Microjet II (oz11436)
About this Plan
Microjet II. Radio control sport model. Wingspan 21.5 in, wing area 115.1 sq in, for .049 / .051 power and 2 channels.
Quote: "In 1987, I visited a friend at my school's aerospace engineering lab during the final days of a .60-size, senior-design construction project. I noticed that they were creating a rather large model and a rather large pile of scraps. Never one to let an opportunity pass by, I acquired the seemingly useless balsa to use in my next project. As a student of architecture, I have always been fascinated with the 'less is more' principle. Unfortunately, this also happens to be my wallet's favorite principle. With the dreams of a new kit behind me, I took inventory of my modeling supplies and ended up with a 7-channel radio sporting full-size radio gear; an old, but well-running, Cox TD .049; and a lot of junk in the hardware drawer, covering and scrap-balsa boxes. I now faced the familiar problem of converting these components into a fierce, screaming, wild and exhilarating model airplane for about 20 bucks - yeah, right!
THE MICROJET: I began by laying the components on the table. First came the engine, then the 2-ounce tank and the battery pack, a couple of servos, the receiver and the switch. Now, about that plane: what if I scaled that screaming jet down to a size that would simply encompass the needed components? Could I do that? I ended up with Micro-jet I - a tiny, 20-inch-long plane with a 16-inch wingspan and a dry weight of 16 ounces.
The first flight was most embarrassing; the plane was barely controllable. I flew it through an oak; its small size allowed it to pass most of the way through only to catch the very last branch, and that sent it spinning in pieces to the ground. Additional flights and investigation into the design revealed a few design problems. The 31.37 oz/sq ft wing loading was too high, and the sharp, knife-like leading edges on all flying surfaces caused the air to prematurely separate at high speed and create a stick-jamming, turf-snatching situation, if you know what I mean.
A couple of years went by, and it was time to try this design again. The results were Microjet II. I enlarged the wing area to reduce the loading to 20 ounces per square foot, and I thinned the wing to a minimum dimension by incorporating an aluminum arrow shaft for the spar. I then re-sized the tail feathers to balance everything out. The new version is about 30 percent larger, yet it still weighs in at 16 ounces dry. It uses two standard servos, or three microservos, a 7-channel receiver and a 250mAh battery.
Fuselage Construction: Begin by cutting the fuselage sides out of 3/32-inch-thick balsa, leaving an extra 1/4 inch of length at the firewall for the future alignment and trimming. Mark the hole for the aluminum spar, but do not cut it out at this time. Make the 1/64 plywood doublers next. Cut out all the holes, except the one for the spar. Once the fuselage and wings are complete, make the spar holes. Laminate the doublers to the fuselage sides with thick CA. Then glue 1/4-inch triangular balsa stock to the top and bottom edges of the fuselage sides, and stay even with the fuselage edges as shown on the plan in the 'typical section.'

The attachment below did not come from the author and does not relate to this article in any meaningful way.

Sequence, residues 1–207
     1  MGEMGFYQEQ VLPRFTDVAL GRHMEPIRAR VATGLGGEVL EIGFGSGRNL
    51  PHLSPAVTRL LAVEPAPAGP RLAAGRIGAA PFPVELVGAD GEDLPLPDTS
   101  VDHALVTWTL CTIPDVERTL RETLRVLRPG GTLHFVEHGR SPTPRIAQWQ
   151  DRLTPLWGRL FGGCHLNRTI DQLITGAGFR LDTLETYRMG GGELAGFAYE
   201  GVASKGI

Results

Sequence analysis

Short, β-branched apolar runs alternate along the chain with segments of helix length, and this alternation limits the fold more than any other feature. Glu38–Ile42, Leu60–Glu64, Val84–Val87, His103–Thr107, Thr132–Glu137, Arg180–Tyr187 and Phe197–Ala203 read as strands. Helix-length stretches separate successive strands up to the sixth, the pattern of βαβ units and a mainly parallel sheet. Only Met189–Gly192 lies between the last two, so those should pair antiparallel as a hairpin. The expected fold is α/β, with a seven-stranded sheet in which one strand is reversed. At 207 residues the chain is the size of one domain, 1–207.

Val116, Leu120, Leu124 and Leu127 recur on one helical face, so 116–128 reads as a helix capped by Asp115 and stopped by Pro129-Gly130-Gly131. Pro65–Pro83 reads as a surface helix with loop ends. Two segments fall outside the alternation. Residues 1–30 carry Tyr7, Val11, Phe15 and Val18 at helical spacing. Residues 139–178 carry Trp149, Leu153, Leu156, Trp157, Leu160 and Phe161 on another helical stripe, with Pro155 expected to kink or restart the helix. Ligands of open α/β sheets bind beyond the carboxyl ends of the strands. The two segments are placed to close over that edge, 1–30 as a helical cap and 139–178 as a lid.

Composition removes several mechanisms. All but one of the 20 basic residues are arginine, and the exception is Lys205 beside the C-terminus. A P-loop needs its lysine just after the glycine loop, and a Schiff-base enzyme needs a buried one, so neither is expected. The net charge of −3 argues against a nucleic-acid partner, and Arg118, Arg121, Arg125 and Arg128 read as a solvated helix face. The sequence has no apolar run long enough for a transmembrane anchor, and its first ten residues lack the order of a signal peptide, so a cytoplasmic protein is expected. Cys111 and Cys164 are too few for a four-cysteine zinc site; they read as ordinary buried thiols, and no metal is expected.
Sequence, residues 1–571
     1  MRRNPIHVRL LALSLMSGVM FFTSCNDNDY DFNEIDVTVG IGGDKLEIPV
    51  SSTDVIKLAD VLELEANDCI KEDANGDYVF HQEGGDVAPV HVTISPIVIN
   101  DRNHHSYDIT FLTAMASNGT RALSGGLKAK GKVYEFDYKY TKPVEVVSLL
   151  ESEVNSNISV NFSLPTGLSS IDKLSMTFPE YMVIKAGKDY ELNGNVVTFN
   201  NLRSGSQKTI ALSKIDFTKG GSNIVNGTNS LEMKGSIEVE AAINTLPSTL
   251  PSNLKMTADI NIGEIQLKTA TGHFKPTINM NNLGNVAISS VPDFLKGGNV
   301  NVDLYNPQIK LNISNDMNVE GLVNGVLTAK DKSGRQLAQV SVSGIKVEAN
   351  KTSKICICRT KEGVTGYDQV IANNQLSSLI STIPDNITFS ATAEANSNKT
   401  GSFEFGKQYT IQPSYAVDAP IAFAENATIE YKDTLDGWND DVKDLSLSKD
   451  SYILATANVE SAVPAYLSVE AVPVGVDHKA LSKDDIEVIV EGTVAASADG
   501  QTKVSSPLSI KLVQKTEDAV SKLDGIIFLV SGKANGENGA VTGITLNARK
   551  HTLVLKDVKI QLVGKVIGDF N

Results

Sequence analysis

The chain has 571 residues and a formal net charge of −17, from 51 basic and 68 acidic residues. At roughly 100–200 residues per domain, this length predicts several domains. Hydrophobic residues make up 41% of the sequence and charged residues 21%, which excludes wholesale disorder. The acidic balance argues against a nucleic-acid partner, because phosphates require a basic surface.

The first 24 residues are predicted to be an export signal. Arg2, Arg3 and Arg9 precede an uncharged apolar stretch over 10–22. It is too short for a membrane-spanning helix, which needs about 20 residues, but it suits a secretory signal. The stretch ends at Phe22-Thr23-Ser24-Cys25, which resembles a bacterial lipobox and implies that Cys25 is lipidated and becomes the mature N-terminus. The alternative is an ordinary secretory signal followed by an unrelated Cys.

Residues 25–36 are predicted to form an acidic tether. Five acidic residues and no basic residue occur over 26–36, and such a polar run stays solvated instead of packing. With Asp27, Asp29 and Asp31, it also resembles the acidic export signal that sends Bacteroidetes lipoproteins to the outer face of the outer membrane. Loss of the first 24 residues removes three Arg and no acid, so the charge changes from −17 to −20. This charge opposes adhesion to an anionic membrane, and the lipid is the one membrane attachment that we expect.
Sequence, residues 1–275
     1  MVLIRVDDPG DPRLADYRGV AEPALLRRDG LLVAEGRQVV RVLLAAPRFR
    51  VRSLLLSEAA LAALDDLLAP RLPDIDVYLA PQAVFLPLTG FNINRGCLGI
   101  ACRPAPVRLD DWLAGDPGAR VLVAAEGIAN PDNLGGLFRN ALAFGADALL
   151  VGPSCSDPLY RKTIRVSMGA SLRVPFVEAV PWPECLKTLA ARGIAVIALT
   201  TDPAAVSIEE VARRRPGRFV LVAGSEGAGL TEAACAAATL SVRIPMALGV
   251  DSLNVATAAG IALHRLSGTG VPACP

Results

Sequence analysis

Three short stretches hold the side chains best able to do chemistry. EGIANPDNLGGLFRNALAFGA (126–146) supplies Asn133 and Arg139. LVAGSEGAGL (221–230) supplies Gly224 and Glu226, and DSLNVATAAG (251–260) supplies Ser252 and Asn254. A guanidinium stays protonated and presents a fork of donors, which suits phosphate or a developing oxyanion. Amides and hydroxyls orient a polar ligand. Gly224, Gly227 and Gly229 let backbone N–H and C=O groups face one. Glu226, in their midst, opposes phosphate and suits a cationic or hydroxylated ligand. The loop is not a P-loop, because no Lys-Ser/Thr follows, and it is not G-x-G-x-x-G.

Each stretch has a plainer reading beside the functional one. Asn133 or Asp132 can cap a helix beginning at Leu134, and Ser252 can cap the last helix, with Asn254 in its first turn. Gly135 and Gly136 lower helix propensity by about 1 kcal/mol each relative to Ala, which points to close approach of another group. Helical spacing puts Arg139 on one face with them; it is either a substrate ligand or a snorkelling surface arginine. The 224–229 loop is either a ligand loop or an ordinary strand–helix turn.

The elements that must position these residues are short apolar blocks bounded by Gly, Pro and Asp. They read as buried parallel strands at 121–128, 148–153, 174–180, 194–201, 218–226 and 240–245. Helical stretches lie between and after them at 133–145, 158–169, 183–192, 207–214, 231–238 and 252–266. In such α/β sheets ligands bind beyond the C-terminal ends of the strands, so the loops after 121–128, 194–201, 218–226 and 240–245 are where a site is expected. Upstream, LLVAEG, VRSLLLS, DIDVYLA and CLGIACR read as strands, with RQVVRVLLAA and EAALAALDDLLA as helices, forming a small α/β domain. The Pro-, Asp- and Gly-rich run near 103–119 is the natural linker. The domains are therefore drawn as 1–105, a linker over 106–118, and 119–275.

Cut out the fuselage bulkheads, orienting the grain as shown on the plan. F-1 is made of 1/8 lite-ply, and the rest of the formers are of 1/4 in balsa. Make several 3/16 strips of 1/4 in lite-ply, and cut across the grain so they can be easily bent. Glue these strips to the inside edge of the holes in F-2 and F-3. Now is a good time to make sure that your tank will fit through the finished hole in F-2. The hole is designed around a 2-ounce, round Sullivan tank.
Begin joining the bulkheads to the right fuselage side; start with F-2, followed by F-3 and F-4. Tack F-1 to the right fuse side with a drop of CA, and remember to position it 1-1/2 degrees downward as shown on the plan. Next, join the bulkheads to the left fuselage side in the same order, and make sure that everything is square with the plans. Before gluing F-1, hold the front of the fuse with a rubber band to pull the sides together. Now align F-1 to the top and side views on the plans, and glue it into place with thin CA. F-1 should provide the engine with 1-1/2 degrees of down thrust and side thrust. Sand the fuse sides flush with F-1, then gently sand the top and bottom, squaring and smoothing the assembly.
Sheet the bottom of the fuse with 3/32-inch-thick balsa (cross-grain), and leave the rear hatch open. Tack the hatch in place until the final sanding has been completed. Install the triangular balsa stock on the sides and bottom of the firewall. Cut a 1/64-inch-thick, lite-ply bottom doubler that's just big enough to fit between F1 and F-2 (within the edges of the tri-stock). Glue the doubler into place with thick CA.
Using the centerlines shown on the plan, temporarily attach the engine mount and the engine to the firewall. Draw the inside boundaries of the mount on the fire-wall, and route the fuel tubing through the firewall. Once the mounting screws have been removed, affix the blind nuts with CA..."
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Update 14/08/2019: Added article from Model Airplane News April 1995, thanks to GerritL.
Note photo of completed Microjet II model (by strictlyscale) was found online at https://www.rcgroups.com/forums/showthread.php?1035967-Microjet-II-by-Michael-Van-Staagen also worth a look for some in-flight video.
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